Some people I know can’t do a proper Google search, get frustrated with automated customer service, and hate self check out at the Wal Mart. Yet I know children as young as five years old who can already use computers and smartphones, I know children who can already write computer programs and games, I know teenagers whose knowledge of internet, 3D printing, and robotics I probably will never be able to match. I worry about the widening knowledge gap even more than the widening wealth gap. Personally, I don’t bother with self check outs because I get everything delivered to my house. I even had Amazon delivery when I lived in the long term care facility. I guess my opinion on self check outs taking away jobs, well, people said the same things about self service gas stations in the 1970s and gasoline powered automobiles taking away jobs from horse stable workers in the early 1900s. Besides, delivery drivers and warehouse workers will probably eventually get automated too. As much as I love my parents and have known some really cool elderly people over the years, I fear the cynics may have been right when they said ‘science advances only one funeral at a time.’ I think the same could be said about cultural norms and social attitudes.
Speaking of funerals, there are now doctors and scientists who are researching longevity treatments and even age reversal medications. They’ve already been able to double the life span of lab mice and even reverse some aging in mice already. But this tech creeps me more than even book banning and cancel culture. Part of me hopes they fail, like everyone who has ever looked for the Fountain of Youth. I just fear that if we are successful in finding longevity medications that we will have a stagnation in culture and science. We already have wage and economic stagnation. Also, the gaps between the generations and the socioeconomic classes will become impossible to navigate. OK Boomer and Triggered Snowflake could just be a warm up for what’s to come in the next few generations. I mean, we already have 80 year old politicians and businessmen who obviously don’t need the money and past their prime who refuse to retire. I guess that power and prestige are just that addictive. I wouldn’t know. Maybe I’ve been watching too much Altered Carbon and Black Mirror. But even the Bible and ancient folklore talks about elders who lived for over 900 years. Maybe that really is possible with the right treatments. We are only in the beginnings of a new industrial and scientific revolution. Our institutions like politics, education, organized religions, legal, etc. have lost the confidence of the public at large. I think it’s because we haven’t figured out how to adapt to this new world, at least not yet. We’re just figuring this out as we go like with every other revolution. It could get real bumpy before we adapt. Buckle up.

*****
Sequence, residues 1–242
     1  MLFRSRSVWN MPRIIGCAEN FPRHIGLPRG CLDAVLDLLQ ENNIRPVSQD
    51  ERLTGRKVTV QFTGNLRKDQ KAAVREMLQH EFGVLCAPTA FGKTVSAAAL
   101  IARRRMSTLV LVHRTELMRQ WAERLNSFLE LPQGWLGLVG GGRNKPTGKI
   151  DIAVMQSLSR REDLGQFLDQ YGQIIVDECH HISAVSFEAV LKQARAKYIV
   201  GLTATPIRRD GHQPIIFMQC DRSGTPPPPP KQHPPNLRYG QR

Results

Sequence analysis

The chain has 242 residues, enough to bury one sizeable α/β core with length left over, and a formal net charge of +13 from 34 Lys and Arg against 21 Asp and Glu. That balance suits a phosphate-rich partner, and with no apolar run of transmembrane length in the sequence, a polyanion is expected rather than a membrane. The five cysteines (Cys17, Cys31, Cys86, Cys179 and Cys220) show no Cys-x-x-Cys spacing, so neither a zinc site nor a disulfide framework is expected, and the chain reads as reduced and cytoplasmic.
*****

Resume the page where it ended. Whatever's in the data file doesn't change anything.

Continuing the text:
These are just a few of the thoughts I’ve had in recent weeks even though I’ve been studying these topics for years. I am convinced that many people are not prepared for the advances coming within the next several years. We weren’t even ready for the covid pandemic even though pandemics have happened many times over the centuries. I don’t think we as citizens, our politics, or our institutions are ready for what could happen in terms of science and tech that we are already researching. There’s a Chinese saying that goes something like ‘May you live in interesting times.’ Could be both a blessing and a curse at the same time.